I'm not sure to whom that was directed, but... make sure your tires are at 50#s, like mine; watch your fuel bars, keep them above 75 mpg; immediately release the accelerator when you see an upcoming stop, whether potential (e.g., a red light a block away that could change to green) or actual (a stop sign); don't pass other cars; drive away from a stop as though you had an egg under your foot that you didn't want to crush; "pulse and glide," accelerate slightly to just past your desired speed, then release your foot off the gas slightly once you reach your desired speed, and as you slow down, repeat; and whenever possible, follow traffic (I'm not advocating drafting like a race car, but even at slow speeds, following another car two-three-four car lengths back makes a difference. Two seconds back on the highway, please). Do those, and you may see a decrease in your consumption... :D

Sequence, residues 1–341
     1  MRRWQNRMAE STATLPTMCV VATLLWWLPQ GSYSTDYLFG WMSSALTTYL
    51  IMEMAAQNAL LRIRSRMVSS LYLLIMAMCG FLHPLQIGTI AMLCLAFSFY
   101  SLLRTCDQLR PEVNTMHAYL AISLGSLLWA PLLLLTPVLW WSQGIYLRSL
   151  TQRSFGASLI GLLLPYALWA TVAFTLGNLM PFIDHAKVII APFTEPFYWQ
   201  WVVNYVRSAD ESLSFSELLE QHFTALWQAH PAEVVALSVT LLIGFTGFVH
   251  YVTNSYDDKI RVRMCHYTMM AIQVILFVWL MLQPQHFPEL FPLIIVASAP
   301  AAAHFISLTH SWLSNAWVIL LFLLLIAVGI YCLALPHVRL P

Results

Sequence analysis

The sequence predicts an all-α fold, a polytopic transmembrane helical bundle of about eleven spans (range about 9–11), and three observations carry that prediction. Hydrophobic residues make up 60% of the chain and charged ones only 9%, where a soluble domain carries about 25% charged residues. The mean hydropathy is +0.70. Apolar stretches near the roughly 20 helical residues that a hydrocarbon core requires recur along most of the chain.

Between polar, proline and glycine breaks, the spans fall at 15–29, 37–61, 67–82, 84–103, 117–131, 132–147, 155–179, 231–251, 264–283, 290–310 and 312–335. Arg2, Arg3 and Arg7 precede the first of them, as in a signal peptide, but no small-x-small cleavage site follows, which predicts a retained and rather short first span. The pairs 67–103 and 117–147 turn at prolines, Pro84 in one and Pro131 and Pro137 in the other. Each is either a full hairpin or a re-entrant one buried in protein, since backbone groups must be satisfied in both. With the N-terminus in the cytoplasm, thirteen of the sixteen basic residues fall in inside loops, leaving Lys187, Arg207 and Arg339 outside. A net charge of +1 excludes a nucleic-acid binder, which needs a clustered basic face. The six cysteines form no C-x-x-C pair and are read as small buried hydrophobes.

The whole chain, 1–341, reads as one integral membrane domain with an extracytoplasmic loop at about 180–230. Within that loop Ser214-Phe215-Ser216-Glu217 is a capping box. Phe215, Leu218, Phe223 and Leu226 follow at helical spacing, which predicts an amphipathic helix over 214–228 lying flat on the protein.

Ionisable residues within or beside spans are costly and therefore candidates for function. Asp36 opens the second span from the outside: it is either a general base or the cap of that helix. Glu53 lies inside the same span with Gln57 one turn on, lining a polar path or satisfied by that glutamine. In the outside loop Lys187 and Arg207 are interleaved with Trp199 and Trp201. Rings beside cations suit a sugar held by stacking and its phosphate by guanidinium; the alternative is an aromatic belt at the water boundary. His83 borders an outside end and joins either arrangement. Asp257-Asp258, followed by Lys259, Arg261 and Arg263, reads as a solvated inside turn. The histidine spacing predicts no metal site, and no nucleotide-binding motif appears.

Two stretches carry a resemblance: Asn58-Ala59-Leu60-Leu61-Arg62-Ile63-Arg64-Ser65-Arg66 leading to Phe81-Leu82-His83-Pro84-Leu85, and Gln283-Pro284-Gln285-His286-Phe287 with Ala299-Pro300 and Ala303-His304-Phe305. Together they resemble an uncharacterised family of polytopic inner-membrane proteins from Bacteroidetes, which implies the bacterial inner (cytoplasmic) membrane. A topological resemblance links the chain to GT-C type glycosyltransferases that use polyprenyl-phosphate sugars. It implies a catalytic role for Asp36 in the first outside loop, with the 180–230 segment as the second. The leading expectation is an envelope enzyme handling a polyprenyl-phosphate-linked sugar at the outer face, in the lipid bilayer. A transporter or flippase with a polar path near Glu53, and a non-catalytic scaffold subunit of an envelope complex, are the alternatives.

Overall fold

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Here is what I did yesterday with an average speed of 45MPH on a 25 mile round trip:



This was with some hilly areas and some stop and go....I wish I had a long flat area to try this on a hot summer day....Temp was about 85F and both windows fully open. OEM tires at 50 psi.

For a six mile stretch of road, I was at 99.4MPG :) I took this picture at the end of my trip while in AutoStop.

I think for a CVT, the best sweat spot range is at 40-45MPH.

JoeCVT = Just your average CVT owner
 

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For a six mile stretch of road, I was at 99.4MPG :) I took this picture at the end of my trip while in AutoStop.
Wow, those mpg's are amazing!!

I think for a CVT, the best sweat spot range is at 40-45MPH.
I think the same is true for the MT, or possibly even a touch slower.

JoeCVT = Just your average CVT owner
Maybe you need to change "average" to something else???